A draft comment is content that is intended for review and discussion, such as questions, comments, and notes to reviewers. This content is not intended to be included in production output.

Rendering expectations

By default, processors SHOULD NOT render <draft-comment> elements. Processors SHOULD provide a mechanism that causes the content of the <draft-comment> element to be rendered in draft output only.

Content model

(Text | <audio> | <dl> | <div> | <imagemap> | <example> | <fig> | <image> | <lines> | <lq> | <note> | <hazardstatement> | <object> | <ol> | <p> | <pre> | <simpletable> | <sl> | <table> | <ul> | <video> | <cite> | <include> | <keyword> | <ph> | <strong> | <em> | <b> | <i> | <line-through> | <overline> | <sup> | <sub> | <tt> | <u> | <q> | <term> | <text> | <tm> | <xref> | <state> | <data> | <sort-as> | <foreign> | <unknown> )*


The following attributes are available on this element: universal attributes and the attributes defined below.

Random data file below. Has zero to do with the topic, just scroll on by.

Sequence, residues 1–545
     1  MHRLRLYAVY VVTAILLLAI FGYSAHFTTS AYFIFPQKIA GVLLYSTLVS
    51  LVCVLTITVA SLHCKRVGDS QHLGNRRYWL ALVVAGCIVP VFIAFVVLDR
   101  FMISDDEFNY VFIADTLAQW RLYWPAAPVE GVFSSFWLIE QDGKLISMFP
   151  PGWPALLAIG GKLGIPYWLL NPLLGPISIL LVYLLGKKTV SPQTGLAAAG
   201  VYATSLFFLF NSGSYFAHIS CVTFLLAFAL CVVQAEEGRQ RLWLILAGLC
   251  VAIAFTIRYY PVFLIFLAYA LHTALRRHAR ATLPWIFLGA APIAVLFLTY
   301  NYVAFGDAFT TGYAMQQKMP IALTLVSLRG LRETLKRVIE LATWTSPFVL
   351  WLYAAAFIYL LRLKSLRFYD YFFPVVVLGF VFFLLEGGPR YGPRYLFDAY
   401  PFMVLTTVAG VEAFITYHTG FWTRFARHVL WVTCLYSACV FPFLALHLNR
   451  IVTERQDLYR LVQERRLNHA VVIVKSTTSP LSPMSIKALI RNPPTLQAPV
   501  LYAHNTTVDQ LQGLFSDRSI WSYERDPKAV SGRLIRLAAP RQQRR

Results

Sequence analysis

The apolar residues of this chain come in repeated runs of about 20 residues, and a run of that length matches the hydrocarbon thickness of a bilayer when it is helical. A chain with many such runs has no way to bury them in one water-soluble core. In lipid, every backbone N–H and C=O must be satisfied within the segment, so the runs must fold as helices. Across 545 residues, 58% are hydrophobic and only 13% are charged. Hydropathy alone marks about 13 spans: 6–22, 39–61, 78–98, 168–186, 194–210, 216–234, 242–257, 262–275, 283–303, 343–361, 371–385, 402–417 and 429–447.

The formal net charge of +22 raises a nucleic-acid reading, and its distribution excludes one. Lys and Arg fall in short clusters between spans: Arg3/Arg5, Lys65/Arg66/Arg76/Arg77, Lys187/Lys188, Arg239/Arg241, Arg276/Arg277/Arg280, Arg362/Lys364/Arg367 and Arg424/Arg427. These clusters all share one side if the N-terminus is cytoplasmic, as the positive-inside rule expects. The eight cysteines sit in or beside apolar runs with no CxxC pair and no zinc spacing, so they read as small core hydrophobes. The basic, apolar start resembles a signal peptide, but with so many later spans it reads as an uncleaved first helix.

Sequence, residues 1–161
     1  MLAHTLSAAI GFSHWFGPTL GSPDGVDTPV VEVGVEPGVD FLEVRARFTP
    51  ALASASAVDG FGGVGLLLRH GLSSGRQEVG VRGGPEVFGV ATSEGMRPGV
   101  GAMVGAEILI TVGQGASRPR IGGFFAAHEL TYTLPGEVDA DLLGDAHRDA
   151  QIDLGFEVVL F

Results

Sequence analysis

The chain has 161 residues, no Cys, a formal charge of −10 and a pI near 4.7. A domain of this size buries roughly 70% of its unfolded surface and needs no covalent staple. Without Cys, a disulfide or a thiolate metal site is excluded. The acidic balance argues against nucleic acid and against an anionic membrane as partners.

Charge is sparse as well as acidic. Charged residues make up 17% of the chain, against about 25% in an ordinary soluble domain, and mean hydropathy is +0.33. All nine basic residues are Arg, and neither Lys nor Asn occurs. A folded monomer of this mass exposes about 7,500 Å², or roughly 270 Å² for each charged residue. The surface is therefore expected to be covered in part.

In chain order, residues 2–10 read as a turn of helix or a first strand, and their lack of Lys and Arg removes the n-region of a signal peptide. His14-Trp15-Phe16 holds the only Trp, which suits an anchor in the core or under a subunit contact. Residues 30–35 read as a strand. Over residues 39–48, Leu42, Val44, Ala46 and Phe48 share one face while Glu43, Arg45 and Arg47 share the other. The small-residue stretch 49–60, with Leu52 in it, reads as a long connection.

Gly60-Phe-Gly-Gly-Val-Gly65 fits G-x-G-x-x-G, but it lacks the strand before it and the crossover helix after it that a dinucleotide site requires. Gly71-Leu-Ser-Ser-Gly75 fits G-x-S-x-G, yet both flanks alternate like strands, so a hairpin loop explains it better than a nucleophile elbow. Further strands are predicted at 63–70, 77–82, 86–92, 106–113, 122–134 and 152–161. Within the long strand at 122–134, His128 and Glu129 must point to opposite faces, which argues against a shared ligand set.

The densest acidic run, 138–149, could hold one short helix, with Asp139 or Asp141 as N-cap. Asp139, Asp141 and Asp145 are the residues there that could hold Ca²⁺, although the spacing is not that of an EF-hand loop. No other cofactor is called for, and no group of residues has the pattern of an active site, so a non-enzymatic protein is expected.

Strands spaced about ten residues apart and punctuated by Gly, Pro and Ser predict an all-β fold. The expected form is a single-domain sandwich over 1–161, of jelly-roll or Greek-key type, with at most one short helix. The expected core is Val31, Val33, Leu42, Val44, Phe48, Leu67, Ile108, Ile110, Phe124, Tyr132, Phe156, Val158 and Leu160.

Designates the originator of the draft comment.
Specifies the status of the draft comment.
Specifies when the draft comment was created.

For this element, the @translate attribute has a default value of no.


The following code samples shows how a content developer can use a <draft-comment> element to pose a question to reviewers. Note that the @author and @time attributes are used to provide information who created the draft comment and when it was created.

<draft-comment author="EBP" time="23 May 2017">
  <p>Where's the usage information for this section?</p>

Processors might render the information from the highlighted attributes at viewing or publishing time. Authors might use the value of the @disposition attribute to track the work that remains to be done on a content collection.